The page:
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K-State Today

May 2, 2019

K-State graduate student resurrects ancient Vatican music for Grammy-winning choir

Submitted by Blakely Bunning

Patrick C. Dittamo

Patrick Dittamo, graduate student in music, rediscovered and transcribed a long-forgotten 16th-century Vatican Mass, which will receive its first performance since the Renaissance this weekend in Kansas City.

Last performed nearly 500 years ago during the reign of Pope Paul III in the Vatican's Sistine Chapel, the Renaissance masterpiece "Missa ad te levaviby Bartolomé de Escobedo" (c. 1505-1563) will receive its modern-day world premiere by Charles Bruffy and the Grammy-winning Kansas City Chorale at 2 p.m. Sunday, May 5, at the Cathedral of the Immaculate Conception in Kansas City, Missouri, with a repeat performance at 7:30 p.m. Tuesday, May 7, at Our Lady of Sorrows Catholic Church in Kansas City, Missouri.

The title of the Mass, "Missa ad te levavi," relates to the Gregorian chant Mass Proper text for the first Sunday of Advent. The Kansas City Chorale will perform the piece much like it would have been performed nearly 500 years ago. The chorale and the Sistine Chapel choir of the 1540s are both 24-voice ensembles, although the Sistine Chapel choir was entirely male. The last time the Mass was heard in the Sistine Chapel, Pope Paul III himself, or a presiding cardinal, would have sung the opening chant intonations for the Gloria and Credo.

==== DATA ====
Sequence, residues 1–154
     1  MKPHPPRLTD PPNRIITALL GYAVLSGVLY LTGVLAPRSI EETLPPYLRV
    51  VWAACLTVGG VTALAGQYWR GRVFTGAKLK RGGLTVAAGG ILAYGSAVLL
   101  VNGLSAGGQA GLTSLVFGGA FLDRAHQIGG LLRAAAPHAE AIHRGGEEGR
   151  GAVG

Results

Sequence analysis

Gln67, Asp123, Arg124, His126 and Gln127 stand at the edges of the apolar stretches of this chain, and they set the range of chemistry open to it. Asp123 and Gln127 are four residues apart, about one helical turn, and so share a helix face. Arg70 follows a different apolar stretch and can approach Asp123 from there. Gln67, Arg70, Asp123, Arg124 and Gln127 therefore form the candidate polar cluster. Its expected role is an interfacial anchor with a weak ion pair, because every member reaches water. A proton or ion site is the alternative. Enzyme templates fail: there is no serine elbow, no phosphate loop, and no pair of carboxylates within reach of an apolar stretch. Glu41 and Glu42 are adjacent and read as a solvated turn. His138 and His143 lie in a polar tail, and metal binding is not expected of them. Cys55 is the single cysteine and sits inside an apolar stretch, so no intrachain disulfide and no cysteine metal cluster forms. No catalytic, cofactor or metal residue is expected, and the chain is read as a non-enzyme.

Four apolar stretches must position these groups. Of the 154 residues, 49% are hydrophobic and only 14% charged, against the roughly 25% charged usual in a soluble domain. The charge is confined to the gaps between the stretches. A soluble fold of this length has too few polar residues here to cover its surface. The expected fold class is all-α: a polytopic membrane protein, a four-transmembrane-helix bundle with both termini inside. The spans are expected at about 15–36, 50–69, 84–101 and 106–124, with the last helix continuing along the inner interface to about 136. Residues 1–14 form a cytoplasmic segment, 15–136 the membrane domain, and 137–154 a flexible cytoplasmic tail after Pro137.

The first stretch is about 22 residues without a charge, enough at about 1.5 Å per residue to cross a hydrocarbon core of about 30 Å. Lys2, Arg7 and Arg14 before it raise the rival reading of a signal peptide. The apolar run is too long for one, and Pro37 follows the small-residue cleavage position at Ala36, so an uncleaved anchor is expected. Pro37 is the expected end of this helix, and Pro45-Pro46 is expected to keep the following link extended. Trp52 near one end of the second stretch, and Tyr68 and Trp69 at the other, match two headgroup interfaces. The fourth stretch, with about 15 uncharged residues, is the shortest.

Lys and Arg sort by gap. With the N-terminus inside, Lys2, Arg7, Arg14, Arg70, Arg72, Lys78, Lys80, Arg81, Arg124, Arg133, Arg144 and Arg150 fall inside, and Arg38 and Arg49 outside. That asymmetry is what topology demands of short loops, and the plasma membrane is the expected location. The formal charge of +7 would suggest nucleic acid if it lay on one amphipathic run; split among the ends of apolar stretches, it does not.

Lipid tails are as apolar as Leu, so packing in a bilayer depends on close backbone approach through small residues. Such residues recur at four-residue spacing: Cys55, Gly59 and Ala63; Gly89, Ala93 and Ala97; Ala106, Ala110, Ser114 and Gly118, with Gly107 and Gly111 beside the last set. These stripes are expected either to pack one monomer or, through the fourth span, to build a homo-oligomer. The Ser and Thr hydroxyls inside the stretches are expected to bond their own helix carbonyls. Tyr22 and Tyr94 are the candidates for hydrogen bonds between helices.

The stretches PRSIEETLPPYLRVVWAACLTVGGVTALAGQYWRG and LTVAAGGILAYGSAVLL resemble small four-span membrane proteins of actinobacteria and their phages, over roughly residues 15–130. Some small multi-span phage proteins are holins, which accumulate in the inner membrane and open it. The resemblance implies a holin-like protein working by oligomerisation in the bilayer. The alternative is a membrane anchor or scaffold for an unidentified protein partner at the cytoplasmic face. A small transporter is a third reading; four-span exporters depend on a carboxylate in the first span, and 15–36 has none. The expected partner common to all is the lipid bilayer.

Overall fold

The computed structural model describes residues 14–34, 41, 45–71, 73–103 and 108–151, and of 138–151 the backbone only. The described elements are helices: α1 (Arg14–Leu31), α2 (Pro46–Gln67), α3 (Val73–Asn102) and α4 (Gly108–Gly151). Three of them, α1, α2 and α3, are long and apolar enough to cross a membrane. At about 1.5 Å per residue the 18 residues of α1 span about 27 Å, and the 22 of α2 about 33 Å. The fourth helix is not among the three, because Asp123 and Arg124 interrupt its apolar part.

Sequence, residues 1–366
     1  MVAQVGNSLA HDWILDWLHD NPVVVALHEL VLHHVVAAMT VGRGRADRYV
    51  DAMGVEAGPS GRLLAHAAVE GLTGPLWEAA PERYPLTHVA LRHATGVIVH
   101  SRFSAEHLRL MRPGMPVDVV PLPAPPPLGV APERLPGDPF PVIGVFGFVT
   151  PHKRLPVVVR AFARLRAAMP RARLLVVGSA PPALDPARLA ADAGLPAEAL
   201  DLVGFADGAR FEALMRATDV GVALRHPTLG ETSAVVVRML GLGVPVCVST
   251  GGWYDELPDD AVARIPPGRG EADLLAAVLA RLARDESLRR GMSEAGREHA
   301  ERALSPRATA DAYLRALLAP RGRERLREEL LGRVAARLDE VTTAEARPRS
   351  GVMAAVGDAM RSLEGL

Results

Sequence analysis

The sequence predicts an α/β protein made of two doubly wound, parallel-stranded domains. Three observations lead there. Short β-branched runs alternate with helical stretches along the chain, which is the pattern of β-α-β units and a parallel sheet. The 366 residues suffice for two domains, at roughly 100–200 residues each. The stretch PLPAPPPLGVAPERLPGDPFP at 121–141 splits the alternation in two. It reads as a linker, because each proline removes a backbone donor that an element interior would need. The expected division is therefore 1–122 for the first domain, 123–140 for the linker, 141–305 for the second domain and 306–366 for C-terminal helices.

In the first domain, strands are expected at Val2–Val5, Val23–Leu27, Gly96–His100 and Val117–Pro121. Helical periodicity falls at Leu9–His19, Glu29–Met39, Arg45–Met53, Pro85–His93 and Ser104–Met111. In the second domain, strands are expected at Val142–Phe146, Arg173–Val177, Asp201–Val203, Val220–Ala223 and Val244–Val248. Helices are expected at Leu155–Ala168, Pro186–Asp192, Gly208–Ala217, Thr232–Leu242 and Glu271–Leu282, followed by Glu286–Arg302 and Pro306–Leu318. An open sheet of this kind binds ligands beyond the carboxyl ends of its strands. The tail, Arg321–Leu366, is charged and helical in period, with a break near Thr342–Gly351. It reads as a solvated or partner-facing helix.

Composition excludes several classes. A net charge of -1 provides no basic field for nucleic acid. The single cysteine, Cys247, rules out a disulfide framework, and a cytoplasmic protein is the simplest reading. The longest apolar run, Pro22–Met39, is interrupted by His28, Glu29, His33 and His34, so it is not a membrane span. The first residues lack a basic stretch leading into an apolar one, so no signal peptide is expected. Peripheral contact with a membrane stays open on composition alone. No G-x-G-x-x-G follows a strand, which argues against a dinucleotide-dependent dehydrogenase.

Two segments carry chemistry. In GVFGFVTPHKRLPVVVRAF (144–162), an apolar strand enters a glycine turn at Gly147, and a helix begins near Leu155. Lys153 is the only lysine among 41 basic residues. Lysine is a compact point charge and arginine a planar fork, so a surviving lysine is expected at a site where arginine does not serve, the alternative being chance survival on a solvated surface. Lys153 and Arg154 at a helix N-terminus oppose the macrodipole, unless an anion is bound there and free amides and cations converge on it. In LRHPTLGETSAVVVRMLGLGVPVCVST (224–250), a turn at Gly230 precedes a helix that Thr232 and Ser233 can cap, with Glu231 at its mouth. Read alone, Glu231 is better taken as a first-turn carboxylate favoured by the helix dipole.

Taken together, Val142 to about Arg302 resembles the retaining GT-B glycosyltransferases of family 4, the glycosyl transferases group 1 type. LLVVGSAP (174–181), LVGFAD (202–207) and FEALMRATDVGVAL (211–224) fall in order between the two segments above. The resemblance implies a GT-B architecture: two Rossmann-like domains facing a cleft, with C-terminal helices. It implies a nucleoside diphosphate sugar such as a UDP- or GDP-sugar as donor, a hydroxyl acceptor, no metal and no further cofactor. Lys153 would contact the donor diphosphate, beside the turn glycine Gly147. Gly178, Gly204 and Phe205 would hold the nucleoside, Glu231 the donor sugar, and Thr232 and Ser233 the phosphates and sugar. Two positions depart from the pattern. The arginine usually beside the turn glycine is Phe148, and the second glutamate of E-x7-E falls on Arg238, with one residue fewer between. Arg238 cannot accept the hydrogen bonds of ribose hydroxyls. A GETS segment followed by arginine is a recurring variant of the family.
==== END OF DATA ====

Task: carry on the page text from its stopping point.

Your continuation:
The sole surviving manuscript which contained the mass was copied by Sistine Chapel scribe Johannes Parvus in 1540-41, during the same period that Michelangelo completed painting his Sistine Chapel frescoes. Having been held in storage at the Vatican for nearly half a millennium, the original manuscript was damaged in places. Ink corrosion and bleeding affected the paper, but by using modern technology and consulting historic documents, along with the aid of training in early music notation at a Yale University summer program, partially-supported by funding from a College of Arts and Sciences travel scholarship, Dittamo was able to finish a reconstruction and transcription into modern notation in early 2019.

Tickets and more information about this historic event can be found at kcchorale.org. You can preview the "Missa ad te levavi" on YouTube

The School of Music, Theatre, and Dance is a part of the College of Arts and Sciences. Visit k-state.edu/mtd to learn more.